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U2 Carrier Landings

February 3rd, 2010 · 15 Comments · General

Back in the 60′s a test program was established to see how US aircraft would/could operate off aircraft carriers.

USS America (CV-66) was used, as was USS Ranger (CV-61) and Kitty Hawk.  This film shows that you can land almost ANYTHING on a carrier, if you wanted to/needed to.

U2

From Aerospace Web:

The idea started in the late 1950s when the Central Intelligence Agency (CIA) was looking for a way to overcome the range limitations of the U-2. Possessing a useful range of about 3,000 miles (4,800 km), the U-2 simply could not reach every location of interest to the CIA given the locations of U-2 bases. As a result, the CIA began a cooperative effort with the US Navy known as Project Whale Tale. The purpose of this project was to adapt the U-2 for use aboard aircraft carriers. Testing commenced in August of 1963 when, in the dark of night, a crane lifted a U-2C onto the deck of the USS Kitty Hawk at San Diego, California. The vessel streamed off the coast on the morning of 5 August where Lockheed test pilot Bob Schumacher began flight test operations.

Head on over there to read more about the program. It appeared this capability was used only once to monitor a French nuke test in the south pacific. With the 103 foot wingspan (for comparison, a Tomcat had a 65′ wingspan), you couldn’t have a whole lot of other things on deck, making a carrier a pretty expensive U-2 Mobile Delivery Platform. Plus, even with an empty deck you had *better* be on centerline when landing.

I can imagine the headaches the LSO would have. Those big ol’ long wings creating a ton of lift would create an almost diametrically opposite landing sequence than a normal, conventional Navy tactical aircraft. “Long in the groove and flat” would be the hallmarks of a good approach, it would seem.

carrier_01

When you watch the video, take a look at the wind over deck requirements (by watching the flight deck guys clothes almost being ripped off) to get that thing airborne.  That ship musta been haulin’ the mail.

Hat tip to former VF-43 pilot extraordinaire and later F-4 nose-gunner Snively Evans and his son, LCDR Zach Evans for the email.

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15 Comments so far ↓

  • J. Carmichael

    Hey Pinch,

    Great find, I’m pointing Dad toward your post today. He was Cat & Arresting Gear Officer on Ranger Danger during these tests and… eh hem… operational missions in ’63.

    -JC

  • Bob Kelly

    Those guys has brass basketballs somewhere. WOW!

  • Larry Sheldon

    My first solo at Van Nuys, I was “cleared to land number 2 behind the U2, caution the Lear jet coming up behind you”.

    As I recall my answer as “something Victor Pop roger, how about I make a right 360 here and let the Lear go by?”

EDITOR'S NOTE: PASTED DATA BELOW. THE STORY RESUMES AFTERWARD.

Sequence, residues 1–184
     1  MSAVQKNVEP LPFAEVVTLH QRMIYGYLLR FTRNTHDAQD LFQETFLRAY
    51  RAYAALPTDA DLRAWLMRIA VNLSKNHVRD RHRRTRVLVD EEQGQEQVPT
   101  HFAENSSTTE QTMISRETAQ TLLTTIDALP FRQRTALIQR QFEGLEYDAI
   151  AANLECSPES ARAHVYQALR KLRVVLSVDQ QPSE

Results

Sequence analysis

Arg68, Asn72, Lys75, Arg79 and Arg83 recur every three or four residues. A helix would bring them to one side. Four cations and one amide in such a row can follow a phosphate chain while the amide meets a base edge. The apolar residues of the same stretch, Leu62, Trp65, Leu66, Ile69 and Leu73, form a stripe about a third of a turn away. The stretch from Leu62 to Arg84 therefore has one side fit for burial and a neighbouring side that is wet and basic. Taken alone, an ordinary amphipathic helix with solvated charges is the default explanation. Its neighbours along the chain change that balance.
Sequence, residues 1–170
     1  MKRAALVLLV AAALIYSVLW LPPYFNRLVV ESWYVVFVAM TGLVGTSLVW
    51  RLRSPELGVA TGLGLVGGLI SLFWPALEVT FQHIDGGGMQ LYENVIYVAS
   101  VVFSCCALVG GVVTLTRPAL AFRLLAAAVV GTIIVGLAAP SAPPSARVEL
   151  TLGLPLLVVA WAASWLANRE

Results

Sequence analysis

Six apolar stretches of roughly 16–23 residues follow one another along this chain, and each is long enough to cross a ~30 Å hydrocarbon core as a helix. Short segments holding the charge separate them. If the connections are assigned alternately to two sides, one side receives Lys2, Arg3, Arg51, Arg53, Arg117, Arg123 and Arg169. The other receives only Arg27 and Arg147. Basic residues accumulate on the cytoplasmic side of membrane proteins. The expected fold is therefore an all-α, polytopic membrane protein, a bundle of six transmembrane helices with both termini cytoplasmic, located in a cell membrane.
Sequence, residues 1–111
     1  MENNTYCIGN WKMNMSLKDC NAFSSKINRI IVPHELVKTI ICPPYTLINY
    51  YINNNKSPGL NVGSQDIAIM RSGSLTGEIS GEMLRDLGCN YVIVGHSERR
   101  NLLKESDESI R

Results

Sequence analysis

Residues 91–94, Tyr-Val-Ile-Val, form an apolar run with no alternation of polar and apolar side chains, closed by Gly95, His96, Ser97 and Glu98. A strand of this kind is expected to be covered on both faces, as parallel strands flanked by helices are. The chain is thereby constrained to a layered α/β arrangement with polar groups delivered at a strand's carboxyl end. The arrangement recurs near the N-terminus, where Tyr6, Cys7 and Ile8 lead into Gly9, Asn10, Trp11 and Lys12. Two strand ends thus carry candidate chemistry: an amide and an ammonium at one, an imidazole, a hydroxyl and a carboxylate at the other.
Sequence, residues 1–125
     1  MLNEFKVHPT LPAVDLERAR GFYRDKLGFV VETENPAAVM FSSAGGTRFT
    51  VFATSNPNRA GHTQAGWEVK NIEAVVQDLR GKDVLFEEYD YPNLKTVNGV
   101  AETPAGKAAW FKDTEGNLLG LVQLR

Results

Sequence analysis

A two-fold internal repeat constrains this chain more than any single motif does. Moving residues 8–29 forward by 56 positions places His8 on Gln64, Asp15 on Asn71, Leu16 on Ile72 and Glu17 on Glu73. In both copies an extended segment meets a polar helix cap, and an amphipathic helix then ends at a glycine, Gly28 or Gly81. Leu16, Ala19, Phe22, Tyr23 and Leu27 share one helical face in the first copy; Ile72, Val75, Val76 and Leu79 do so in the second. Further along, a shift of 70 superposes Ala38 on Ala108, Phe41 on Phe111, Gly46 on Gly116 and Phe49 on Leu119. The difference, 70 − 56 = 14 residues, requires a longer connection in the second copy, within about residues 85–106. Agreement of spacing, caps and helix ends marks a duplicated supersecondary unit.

• SJBill

    The very bird (in NASA colors, sans tailhook) that did the landings on CV-66 is currently at the former NAS Moffett Field.

    She’s currently in wings-off condition, being prettied-up to become a static showpiece.

  • olga

    awesome video, thank you!

  • Glenn Mark Cassel AMH1(AW) USN Ret.

    Saw some of this as a young man aboard Independence. I also sort of knew Jim Flatley, who landed the C-130 on Coral Sea.

  • Pinch

    Glenn,

    Flatley landed the C-130 on Forrestall, if I remember my history correctly. Coral-Maru would have been too small for that big plane.

  • Kevin

    Great video! Does anyone have video of a SR-71 landing on a carrier? Might have to get a steely eyed Navy pilot for that one, and maybe a few more corpse-men standing by as well.

  • larry Sheldon

    I recall at Van Nuys that ever time the U2 (‘Coldfoot”? ” Coldstream”?”Cold{something]”) took off, they closed the runway while the escort car went out an picked the parts that fell off.

    What did the do to keep the loose parts from going over the side?

    • Paul Zimmerli

      Probably held up the wingtips by hand as the ship picked up speed. The parts that fell off were tires attached to what was basically a section of car leaf spring. When the bird lifted off, the “gear” would just slip down out of the slot on the wing and tumble off to be picked up by the always-accompanying launch/recovery pickup truck. Once in a while, one would stick due to crosswind pressure and be carried a couple of thousand feet up before it fell off. Those things sometimes bounced a couple of hundred feet in the air when they’d hit – especially if they landed on the paved runway. They could tear up some desert brush and cactus, that’s for sure! Anyhow, once the ship was up to launch speed, the aircraft would virtually float up out of the steadying hands. Landing was only a problem when the windspeeds were too high. I’ve seen one land almost vertically because the wind was only a couple of knots below the “no go” speed – and the pilot had to use really fine touches of throttle to overcome that.

  • larry Sheldon

    And keeping the wingtips off the rolling deck must have been fun.

  • Wilko

    Would have thought the U-2 to be more of a jet powered glider and too fragile for carrier ops.
    Great video and a real surprize.

  • steeljawscribe

    For reference, it was the USS Forrestal (CVA-59) that Flatley made the C-130 landing/launches from.

    As for the U-2, other than that big wing’s reaction to the burble created by the island (ask an E-2 *ahem* or an F-14 driver about the associated problems that can pose), the U-2 handled quite well around the boat – more so when Lockheed made CV-specific mods, yielding the U-2G (which in turn, were incorporated into the U-2R/TR-1 and by association, U-2S). More here (like tailhook P-51′s) and here (like tailhook B-25′s).
    - SJS

  • Londen bezienswaardigheden

    What an awesome video! Is there any material on the SR-71? Thanks for sharing.

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